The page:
Adam needs to attend the hospital for a follow up chest xray, he goes on his own, I don’t feel up to the journey, I just don’t feel quite right and I can’t explain why I don’t feel quite right, I just know that I can’t go anywhere, no power or energy. The radiologist shows Adam his xray, pointed out the improvement to his lungs, but there is still a bit of an issue with the lower right side of his lung.
We’ve slowly started watching the news again, but only in the morning, we’ve been watching Good Morning Britain, its good to watch Piers Morgan make the MP’s and ‘expert’ guests squirm with his questions and I have another reason to watch. One of the presenters Kate Garraway, her husband has been in hospital because of the novel virus covid-19, I’ve been following his progress, he is in a critical condition, I can’t even imagine what her and her family are going through, I was able to talk to Adam, but she can’t talk to her husband, I had two weeks of turmoil, her’s is ongoing. This has really touched me and hit home, I try to explain to Adam what it was like being in my own and he in hospital, I can’t without crying, I felt very isolated and very lonely.
There is a pensioner in the news, he is moving more than me, Captain Tom Moore aged 99, he is walking a hundred laps of his garden before his one hundredth birthday, he has raised a considerable sum for NHS Charities Together, he moves a lot quicker than me. Another pensioner 94 year old Ken who is living in a care home, cuddles a picture of his wife every night, one of the staff members Kia Tobin, didn’t think this was safe, encase the glass of the photo frame breaks, so she purchased a cushion for Ken with his wife’s image on the cushion, that’s it I’m gone, tears are brimming, Ken is cuddling his cushion and I put my toast in the food recycling bin.
One morning Piers Morgan and Susanna Reid read out the names of 105 frontline staff that have died fighting coronavirus, Adam and I watched this in silence, we have been so fortunate, this moment puts our situation in to perspective, we have been so lucky, it could of been all so different. All those families ripped apart by a virus, pictures of those staff appear on the screen, these aren’t just names or daily total death figures, these are actual people, you can see their faces, these are people with lives, family, husbands, wives, sons, daughters, children, grand children and they have gone, these people went to work to care and treat other people and they have paid the ultimate price.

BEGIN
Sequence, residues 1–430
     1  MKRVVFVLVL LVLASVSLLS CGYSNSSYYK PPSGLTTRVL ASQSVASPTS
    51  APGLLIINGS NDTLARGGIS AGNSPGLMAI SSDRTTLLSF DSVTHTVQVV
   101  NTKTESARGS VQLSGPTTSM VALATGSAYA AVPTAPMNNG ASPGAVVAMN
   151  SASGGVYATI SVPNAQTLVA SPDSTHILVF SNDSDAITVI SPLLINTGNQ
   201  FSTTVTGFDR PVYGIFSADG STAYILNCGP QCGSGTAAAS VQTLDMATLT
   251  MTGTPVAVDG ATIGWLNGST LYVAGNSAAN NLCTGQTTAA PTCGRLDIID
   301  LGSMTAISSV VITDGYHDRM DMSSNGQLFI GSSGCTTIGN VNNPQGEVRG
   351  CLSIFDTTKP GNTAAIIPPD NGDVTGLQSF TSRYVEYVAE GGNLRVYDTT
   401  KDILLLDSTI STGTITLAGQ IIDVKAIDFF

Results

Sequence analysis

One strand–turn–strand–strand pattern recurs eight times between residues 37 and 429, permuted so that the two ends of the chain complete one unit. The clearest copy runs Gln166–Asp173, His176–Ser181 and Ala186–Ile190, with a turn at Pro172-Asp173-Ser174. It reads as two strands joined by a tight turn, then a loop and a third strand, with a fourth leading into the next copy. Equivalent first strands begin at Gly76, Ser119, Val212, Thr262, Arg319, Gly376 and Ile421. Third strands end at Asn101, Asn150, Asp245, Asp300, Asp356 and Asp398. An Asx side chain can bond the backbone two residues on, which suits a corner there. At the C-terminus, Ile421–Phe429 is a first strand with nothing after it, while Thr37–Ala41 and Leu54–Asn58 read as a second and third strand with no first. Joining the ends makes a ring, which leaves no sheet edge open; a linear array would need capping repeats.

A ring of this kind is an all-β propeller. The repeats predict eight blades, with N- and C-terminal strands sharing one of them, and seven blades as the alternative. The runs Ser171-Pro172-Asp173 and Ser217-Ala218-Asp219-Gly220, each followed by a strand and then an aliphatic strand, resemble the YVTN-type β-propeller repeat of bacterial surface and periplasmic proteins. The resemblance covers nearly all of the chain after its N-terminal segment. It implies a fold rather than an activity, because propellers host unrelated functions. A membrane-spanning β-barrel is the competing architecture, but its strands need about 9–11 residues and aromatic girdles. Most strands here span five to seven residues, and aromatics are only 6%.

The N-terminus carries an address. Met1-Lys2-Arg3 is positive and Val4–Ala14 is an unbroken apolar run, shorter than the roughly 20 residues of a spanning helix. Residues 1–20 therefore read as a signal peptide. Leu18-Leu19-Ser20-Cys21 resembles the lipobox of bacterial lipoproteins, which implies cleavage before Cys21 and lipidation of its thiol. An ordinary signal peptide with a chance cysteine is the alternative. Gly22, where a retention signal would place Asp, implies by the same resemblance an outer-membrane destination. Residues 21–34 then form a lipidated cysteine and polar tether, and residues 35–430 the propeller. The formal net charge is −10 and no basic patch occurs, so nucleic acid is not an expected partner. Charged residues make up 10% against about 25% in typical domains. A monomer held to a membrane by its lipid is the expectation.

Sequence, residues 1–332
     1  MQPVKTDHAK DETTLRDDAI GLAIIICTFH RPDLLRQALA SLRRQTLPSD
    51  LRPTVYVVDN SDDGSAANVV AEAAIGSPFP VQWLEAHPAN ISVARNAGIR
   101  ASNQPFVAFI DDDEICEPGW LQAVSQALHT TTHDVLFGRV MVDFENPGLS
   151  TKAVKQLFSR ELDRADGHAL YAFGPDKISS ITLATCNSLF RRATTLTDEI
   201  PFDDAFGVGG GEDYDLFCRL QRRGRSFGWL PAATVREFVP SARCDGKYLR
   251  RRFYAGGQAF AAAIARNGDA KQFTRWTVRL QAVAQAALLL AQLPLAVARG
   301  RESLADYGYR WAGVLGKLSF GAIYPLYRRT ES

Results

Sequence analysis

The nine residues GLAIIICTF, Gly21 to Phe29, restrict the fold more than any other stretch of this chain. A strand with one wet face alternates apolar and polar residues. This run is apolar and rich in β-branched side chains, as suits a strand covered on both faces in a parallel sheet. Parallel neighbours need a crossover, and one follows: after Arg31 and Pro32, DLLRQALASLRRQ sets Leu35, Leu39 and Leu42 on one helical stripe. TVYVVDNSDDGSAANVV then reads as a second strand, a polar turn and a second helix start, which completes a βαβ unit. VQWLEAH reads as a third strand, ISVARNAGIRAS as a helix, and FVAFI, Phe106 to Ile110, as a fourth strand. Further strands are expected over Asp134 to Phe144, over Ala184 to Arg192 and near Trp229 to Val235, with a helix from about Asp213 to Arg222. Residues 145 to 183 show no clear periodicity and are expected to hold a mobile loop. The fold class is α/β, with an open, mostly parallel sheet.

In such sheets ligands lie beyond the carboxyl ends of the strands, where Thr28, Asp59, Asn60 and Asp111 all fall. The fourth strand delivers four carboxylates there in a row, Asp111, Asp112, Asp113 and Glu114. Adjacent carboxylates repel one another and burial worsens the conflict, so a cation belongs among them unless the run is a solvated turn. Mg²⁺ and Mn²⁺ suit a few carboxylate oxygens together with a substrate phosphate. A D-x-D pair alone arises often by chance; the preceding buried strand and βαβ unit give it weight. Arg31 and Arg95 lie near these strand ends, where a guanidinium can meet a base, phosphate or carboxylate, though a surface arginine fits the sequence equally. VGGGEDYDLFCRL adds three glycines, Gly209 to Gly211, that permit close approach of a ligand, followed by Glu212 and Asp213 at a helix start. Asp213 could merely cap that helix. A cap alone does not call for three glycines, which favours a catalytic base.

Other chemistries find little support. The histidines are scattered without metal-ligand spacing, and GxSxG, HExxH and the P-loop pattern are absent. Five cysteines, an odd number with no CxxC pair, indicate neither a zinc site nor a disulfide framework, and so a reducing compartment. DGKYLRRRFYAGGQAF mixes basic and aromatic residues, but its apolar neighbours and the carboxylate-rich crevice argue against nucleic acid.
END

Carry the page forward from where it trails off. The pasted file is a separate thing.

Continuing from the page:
Adam has taken over the cooking, I am not able to physically stand in the kitchen and help him, its probably safer this way anyway. I still do not feel hungry, my appetite is at an all time low, nothing is even tempting me, I love food, but not at the moment. If Adam wasn’t here on kitchen duty, I wouldn’t even bother trying to make anything to eat, I probably wouldn’t even be eating.
I have struggled a few days this week, some of these days I have managed to wake up, have a shower, get dressed, eat breakfast and then go back to bed, every thing is just so exhausting and I have nothing left to give the day. Other days I make it through to lunchtime and then my day is over and I am back in bed, it’s really frustrating, I want to be able to do more, other than lay down, I am so fed up feeling like this. Is this still the virus? Or is this something else causing this exhaustion?
Adam gets twitchy if he isn’t doing anything, he needs to do something, I just don’t have anything to give, absolutely no energy at all, even just sitting seems exhausting, trying to concentrate on the TV is like sitting an exam. Back at the beginning of March I borrowed a sewing machine from a family friend, I was going to make masks, I ordered all the materials and the sewing machine has just been sitting in the box, doing nothing. One day Adam decides he is going to make head bands, we had noticed that some of the medical staff were experiencing sores on their ears from wearing masks. The elastic loops of the masks go over the ears, with many hours of wearing the masks, medical staff were getting pressure sores, behind their ears. Adam finds a pattern for head bands and starts cutting. He does some test sewing just to make sure he can sew, after a shaky start he is up and running, churning out headbands and I’m off to bed, the noise of the sewing machine is too much for my brain and my brain retaliates in pain.
The pain I am feeling in my arms is constant, it feels like I am having my blood pressure taken on both arms at the same time, all the time, it’s really unpleasant, it hurts, paracetamol isn’t touching it, I just end up holding myself, to try and brace the pain. I think the warm weather is making my cough more as well, just talking is making me cough, I’m getting breathless just walking up the stairs, this is really frustrating.
For the last few weeks people in the UK have taken to their doorsteps on a Thursday evening, to clap for the frontline workers. Adam and I are normally in bed and sleeping at this point in the evening, as we are so exhausted. The only noise I remember hearing in my street was a dog barking and a single firework going bang, but I haven’t been out there. On this Thursday we decide to stay up and go out the front of the house to see if we can hear anything. We can, we can hear people clapping, we can hear people banging pots and pans, we can here the cheering, it makes us both a bit emotional, then a single firework explodes and that dog barks.
Adam and I have been nominated for a competition to win a big box of fruit and vegetables, from a local business, rather surprisingly we win. It’s a massive box, absolutely full of fresh produce, we are so so grateful for this and it means we don’t have to go grocery shopping for a while.